Lake-effect rains over Lake Victoria and their association with Mesoscale Convective Systems

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  • 1 Department of Earth, Ocean, and Atmospheric Science (EOAS), Florida State University, Tallahassee, FL, USA.
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Abstract

This article examined rainfall enhancement over Lake Victoria. Estimates of over-lake rainfall were compared with rainfall in the surrounding lake catchment. Four satellite products were initially tested against estimates based on gauges or water balance models. These included TRMM 3B43, IMERG V06 Final Run (IMERG-F), CHIRPS2, and PERSIANN-CDR. There was agreement among the satellite products for catchment rainfall but a large disparity among them for over-lake rainfall. IMERG-F was clearly an outlier, exceeding the estimate from TRMM 3B43 by 36%. The overestimation by IMERG-F was likely related to passive microwave assessments of strong convection, such as prevails over Lake Victoria. Overall, TRMM 3B43 showed the best agreement with the "ground truth" and was used in further analyses. Over-lake rainfall was found to be enhanced compared to catchment rainfall in all months. During the March-to-May long rains the enhancement varied between 40% and 50%. During the October-to-December short rains the enhancement varied between 33% and 44%. Even during the two dry seasons the enhancement was at least 20% and over 50% in some months. While the magnitude of enhancement varied from month to month, the seasonal cycle was essentially the same for over-lake and catchment rainfall, suggesting that the dominant influence on over-lake rainfall is the large-scale environment. The association with Mesoscale Convective Systems (MCSs) was also evaluated. The similarity of the spatial patterns of rainfall and MCS count each month suggested that these produced a major share of rainfall over the lake. Similarity in interannual variability further supported this conclusion.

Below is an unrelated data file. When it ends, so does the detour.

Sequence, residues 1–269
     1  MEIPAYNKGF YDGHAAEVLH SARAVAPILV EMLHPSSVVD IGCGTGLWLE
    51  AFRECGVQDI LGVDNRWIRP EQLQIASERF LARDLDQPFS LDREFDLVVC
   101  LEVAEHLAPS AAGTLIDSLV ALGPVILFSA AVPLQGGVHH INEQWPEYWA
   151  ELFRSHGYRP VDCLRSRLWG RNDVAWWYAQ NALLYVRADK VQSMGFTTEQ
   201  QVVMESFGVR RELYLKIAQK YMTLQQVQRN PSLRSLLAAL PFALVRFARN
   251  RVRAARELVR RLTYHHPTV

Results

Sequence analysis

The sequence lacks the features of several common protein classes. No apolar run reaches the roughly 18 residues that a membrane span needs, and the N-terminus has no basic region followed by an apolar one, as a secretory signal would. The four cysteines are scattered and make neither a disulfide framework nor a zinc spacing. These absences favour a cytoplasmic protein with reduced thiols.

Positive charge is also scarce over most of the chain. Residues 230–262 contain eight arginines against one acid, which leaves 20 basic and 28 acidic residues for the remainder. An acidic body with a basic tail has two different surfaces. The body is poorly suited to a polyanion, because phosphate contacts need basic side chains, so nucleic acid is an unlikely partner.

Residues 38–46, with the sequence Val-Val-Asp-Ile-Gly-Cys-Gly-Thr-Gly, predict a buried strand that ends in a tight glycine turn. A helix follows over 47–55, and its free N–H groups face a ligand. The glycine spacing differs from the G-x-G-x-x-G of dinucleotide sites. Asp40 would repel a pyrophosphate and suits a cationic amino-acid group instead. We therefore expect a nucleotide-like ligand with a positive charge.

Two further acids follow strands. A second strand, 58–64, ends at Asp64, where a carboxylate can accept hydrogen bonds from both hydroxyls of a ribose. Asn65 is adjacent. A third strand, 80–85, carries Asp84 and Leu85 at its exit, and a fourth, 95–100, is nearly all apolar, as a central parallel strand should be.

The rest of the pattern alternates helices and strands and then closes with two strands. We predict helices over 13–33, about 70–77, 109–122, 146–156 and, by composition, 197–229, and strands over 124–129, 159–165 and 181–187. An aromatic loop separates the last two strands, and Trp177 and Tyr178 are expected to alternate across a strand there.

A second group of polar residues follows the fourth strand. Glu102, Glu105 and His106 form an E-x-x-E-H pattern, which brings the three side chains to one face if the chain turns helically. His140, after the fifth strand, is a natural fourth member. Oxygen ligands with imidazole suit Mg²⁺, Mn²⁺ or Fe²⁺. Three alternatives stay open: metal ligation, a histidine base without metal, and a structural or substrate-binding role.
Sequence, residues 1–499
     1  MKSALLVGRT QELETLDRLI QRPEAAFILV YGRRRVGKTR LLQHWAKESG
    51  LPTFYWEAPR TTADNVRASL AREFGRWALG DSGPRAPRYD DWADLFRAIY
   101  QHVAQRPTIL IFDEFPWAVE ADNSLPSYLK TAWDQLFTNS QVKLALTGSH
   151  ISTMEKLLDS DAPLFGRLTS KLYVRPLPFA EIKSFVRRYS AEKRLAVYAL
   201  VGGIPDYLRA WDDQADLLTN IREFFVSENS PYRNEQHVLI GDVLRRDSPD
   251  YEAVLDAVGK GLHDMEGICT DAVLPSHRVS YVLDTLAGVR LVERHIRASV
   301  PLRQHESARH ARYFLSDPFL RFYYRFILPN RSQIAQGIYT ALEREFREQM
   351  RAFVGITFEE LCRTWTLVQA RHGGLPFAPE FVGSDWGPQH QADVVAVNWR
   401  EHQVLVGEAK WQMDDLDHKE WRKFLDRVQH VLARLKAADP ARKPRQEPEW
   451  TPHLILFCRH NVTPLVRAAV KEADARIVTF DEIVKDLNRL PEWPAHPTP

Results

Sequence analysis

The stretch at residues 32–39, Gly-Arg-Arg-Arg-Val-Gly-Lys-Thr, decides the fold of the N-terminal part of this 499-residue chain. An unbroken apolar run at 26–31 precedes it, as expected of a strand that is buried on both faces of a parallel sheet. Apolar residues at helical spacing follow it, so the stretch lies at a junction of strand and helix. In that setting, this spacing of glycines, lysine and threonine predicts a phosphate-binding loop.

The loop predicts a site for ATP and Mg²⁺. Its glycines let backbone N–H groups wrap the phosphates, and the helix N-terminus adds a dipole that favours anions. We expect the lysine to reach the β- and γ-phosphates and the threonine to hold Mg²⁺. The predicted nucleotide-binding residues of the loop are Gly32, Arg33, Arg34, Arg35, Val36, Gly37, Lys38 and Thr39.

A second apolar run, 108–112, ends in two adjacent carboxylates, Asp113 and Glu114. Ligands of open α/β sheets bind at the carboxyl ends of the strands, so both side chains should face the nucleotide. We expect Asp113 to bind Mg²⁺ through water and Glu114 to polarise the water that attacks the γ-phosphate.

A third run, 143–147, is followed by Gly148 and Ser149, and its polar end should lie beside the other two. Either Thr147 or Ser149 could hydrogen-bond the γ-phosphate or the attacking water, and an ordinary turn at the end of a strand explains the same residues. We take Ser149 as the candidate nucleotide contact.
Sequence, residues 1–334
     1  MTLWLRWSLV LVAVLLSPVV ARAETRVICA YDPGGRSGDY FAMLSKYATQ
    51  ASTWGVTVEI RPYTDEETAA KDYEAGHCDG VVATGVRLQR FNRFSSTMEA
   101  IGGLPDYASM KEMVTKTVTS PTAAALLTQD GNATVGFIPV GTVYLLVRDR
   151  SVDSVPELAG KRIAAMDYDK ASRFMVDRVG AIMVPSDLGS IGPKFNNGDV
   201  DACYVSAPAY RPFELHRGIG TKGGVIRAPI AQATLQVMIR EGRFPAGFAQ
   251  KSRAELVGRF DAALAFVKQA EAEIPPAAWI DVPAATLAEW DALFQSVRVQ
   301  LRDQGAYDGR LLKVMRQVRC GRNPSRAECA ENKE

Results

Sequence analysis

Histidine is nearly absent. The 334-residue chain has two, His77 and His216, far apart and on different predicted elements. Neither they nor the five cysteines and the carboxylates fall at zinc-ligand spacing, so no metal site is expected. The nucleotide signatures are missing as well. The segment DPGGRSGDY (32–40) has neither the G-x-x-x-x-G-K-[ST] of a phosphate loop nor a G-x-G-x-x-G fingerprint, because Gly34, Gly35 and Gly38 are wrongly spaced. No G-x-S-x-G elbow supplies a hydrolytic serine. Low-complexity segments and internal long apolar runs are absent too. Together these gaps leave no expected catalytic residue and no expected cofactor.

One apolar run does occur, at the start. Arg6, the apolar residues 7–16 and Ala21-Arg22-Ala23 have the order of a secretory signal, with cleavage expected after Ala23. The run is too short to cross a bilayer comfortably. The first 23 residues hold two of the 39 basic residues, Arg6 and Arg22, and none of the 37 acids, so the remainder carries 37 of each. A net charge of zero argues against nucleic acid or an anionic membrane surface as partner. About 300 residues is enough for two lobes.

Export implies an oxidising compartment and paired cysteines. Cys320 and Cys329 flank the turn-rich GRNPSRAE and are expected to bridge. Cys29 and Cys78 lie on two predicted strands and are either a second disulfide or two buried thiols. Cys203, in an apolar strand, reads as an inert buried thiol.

Corresponding Author: snicholson@fsu.edu

Abstract

This article examined rainfall enhancement over Lake Victoria. Estimates of over-lake rainfall were compared with rainfall in the surrounding lake catchment. Four satellite products were initially tested against estimates based on gauges or water balance models. These included TRMM 3B43, IMERG V06 Final Run (IMERG-F), CHIRPS2, and PERSIANN-CDR. There was agreement among the satellite products for catchment rainfall but a large disparity among them for over-lake rainfall. IMERG-F was clearly an outlier, exceeding the estimate from TRMM 3B43 by 36%. The overestimation by IMERG-F was likely related to passive microwave assessments of strong convection, such as prevails over Lake Victoria. Overall, TRMM 3B43 showed the best agreement with the "ground truth" and was used in further analyses. Over-lake rainfall was found to be enhanced compared to catchment rainfall in all months. During the March-to-May long rains the enhancement varied between 40% and 50%. During the October-to-December short rains the enhancement varied between 33% and 44%. Even during the two dry seasons the enhancement was at least 20% and over 50% in some months. While the magnitude of enhancement varied from month to month, the seasonal cycle was essentially the same for over-lake and catchment rainfall, suggesting that the dominant influence on over-lake rainfall is the large-scale environment. The association with Mesoscale Convective Systems (MCSs) was also evaluated. The similarity of the spatial patterns of rainfall and MCS count each month suggested that these produced a major share of rainfall over the lake. Similarity in interannual variability further supported this conclusion.

Corresponding Author: snicholson@fsu.edu
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